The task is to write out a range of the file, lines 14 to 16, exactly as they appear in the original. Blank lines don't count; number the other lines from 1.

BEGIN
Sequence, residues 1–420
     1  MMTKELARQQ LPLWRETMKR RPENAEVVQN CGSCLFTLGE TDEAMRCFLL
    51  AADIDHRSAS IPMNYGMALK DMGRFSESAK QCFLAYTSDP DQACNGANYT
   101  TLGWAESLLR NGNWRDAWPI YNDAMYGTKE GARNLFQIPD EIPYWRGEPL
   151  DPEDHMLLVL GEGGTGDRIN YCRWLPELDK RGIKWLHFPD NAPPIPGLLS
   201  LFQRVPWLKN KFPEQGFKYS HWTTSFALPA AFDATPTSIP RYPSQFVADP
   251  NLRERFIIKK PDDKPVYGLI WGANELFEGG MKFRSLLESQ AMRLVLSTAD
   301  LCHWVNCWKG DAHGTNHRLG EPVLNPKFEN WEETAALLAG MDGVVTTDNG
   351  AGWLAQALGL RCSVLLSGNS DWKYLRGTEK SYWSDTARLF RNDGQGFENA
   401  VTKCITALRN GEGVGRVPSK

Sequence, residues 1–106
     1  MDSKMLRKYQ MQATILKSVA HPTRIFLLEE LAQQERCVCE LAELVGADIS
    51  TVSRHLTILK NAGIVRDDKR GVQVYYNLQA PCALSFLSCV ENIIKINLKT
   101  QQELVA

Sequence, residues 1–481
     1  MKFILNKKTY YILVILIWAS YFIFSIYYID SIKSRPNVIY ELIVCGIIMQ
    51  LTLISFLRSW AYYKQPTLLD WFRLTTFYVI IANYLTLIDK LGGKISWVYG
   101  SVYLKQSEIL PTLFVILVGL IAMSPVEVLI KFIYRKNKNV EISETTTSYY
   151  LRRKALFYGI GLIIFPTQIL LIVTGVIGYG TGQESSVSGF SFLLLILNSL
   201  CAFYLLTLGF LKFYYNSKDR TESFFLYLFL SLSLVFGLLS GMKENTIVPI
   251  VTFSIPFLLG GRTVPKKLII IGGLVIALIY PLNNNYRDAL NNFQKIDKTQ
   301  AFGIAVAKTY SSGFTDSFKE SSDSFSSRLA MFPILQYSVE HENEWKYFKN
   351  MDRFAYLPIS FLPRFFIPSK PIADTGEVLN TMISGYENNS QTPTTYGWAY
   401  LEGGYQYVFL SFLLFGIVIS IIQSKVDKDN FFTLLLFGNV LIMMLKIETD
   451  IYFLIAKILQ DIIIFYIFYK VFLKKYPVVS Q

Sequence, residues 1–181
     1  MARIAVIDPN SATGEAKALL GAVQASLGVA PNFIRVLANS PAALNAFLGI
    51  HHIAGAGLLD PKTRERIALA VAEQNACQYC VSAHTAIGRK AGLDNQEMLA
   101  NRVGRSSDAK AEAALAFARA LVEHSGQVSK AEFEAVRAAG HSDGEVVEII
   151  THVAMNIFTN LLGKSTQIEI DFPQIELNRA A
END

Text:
   101  QQELVA

Sequence, residues 1–481
     1  MKFILNKKTY YILVILIWAS YFIFSIYYID SIKSRPNVIY ELIVCGIIMQ